Balancing Fatigue and OverWork

Published Jun 22, 2016 (8 years ago)
Danger icon
The last modifications of this post were around 8 years ago, some information may be outdated!

When you house is up on a hill, pretty much every run you go on is going to require an uphill climb to get back to where you started. Hmm, maybe there is something profound there, maybe not.


I've been working on my RAGNAR training and have reached some new milestones and observations. There's a point where you finish a run, and while you feel great, your legs are sore, you give yourself a headache, your lungs are extremely fatigued, and the rest of the day you barely trudge through. This is when I've overworked myself. It's okay to do on some days, but most of the time not, especially when you have to put in 8 hours of work and do other duties.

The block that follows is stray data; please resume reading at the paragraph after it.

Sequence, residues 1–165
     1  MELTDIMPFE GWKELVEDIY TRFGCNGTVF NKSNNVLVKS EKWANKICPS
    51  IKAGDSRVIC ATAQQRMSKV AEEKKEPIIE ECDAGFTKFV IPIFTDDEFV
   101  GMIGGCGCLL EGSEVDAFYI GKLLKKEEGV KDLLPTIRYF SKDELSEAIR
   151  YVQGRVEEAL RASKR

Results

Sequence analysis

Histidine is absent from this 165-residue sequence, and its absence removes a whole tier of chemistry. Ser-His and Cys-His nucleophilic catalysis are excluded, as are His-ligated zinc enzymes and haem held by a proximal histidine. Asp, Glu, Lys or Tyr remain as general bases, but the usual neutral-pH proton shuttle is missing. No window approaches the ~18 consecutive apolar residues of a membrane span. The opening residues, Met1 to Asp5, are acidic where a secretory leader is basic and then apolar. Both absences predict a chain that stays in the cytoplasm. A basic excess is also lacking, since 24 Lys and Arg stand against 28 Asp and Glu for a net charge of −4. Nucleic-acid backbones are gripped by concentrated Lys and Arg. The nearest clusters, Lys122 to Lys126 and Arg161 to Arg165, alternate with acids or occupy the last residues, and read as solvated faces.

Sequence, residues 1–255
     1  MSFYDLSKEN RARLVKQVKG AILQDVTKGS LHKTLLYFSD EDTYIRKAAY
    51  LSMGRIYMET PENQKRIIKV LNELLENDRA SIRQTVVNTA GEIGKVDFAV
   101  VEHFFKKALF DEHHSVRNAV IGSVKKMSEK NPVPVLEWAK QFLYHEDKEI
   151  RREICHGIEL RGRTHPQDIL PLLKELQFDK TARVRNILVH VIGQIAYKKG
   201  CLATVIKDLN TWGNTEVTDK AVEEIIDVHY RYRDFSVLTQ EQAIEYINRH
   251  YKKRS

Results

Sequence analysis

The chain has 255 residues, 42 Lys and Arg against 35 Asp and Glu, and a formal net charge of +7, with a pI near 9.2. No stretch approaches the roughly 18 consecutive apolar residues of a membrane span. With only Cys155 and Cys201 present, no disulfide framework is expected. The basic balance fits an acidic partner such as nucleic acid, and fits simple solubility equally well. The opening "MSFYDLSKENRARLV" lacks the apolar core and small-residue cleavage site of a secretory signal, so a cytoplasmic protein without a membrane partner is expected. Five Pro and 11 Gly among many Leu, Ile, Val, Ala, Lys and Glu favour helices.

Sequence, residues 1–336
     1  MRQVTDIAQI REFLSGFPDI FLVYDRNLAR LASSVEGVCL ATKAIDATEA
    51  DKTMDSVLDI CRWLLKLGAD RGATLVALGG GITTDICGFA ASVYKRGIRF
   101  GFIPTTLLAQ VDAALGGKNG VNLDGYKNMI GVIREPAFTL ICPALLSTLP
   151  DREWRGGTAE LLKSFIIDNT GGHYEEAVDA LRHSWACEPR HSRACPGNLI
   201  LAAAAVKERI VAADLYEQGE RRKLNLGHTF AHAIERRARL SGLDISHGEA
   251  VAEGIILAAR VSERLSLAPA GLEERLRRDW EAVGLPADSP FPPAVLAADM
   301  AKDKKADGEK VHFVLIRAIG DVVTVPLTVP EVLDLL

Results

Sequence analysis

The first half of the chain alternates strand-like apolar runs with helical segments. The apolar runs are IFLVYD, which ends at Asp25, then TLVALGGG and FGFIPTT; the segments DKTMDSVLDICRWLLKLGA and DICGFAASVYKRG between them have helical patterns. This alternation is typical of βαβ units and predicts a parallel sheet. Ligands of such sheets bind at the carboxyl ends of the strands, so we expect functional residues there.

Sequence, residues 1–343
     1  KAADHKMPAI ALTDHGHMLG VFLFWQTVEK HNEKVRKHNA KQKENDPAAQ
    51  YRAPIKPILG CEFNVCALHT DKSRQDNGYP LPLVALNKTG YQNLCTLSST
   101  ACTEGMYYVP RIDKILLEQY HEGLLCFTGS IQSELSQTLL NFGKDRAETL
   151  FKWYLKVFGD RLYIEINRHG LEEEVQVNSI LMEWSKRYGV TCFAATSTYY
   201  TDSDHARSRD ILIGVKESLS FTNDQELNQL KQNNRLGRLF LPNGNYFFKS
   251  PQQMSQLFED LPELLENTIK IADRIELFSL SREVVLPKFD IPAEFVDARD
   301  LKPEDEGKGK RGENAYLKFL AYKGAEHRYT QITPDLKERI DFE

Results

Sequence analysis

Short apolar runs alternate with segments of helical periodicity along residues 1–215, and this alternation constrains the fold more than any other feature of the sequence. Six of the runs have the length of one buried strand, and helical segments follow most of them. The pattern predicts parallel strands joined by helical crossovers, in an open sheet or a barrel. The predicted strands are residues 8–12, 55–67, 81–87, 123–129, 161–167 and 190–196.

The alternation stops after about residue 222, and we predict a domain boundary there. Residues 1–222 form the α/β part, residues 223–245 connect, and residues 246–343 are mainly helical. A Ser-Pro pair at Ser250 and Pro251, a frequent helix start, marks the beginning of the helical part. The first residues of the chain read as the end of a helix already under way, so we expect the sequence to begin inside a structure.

There's another point where you finish a run and while your feel great, the run was pretty brutal. There were those three ugly hills you had to tackle at mile 6 (of a 9 mile run) and your opening pace may have been a little too aggressive that your pacing at the end suffered (especially on said ugly hills). However, when you finish, your body is tired, maybe a little sore, but a shower, hydration, and a few hours off your legs and you're feeling pretty decent again. This I consider fatigue. The sign of a good overall workout and the motivation for the next one.

I'm striving more for fatigue than overworking myself now, and it's starting to pay off, especially on the long run days. It means I'm getting a solid base of miles on my body that I can build from and it is exciting.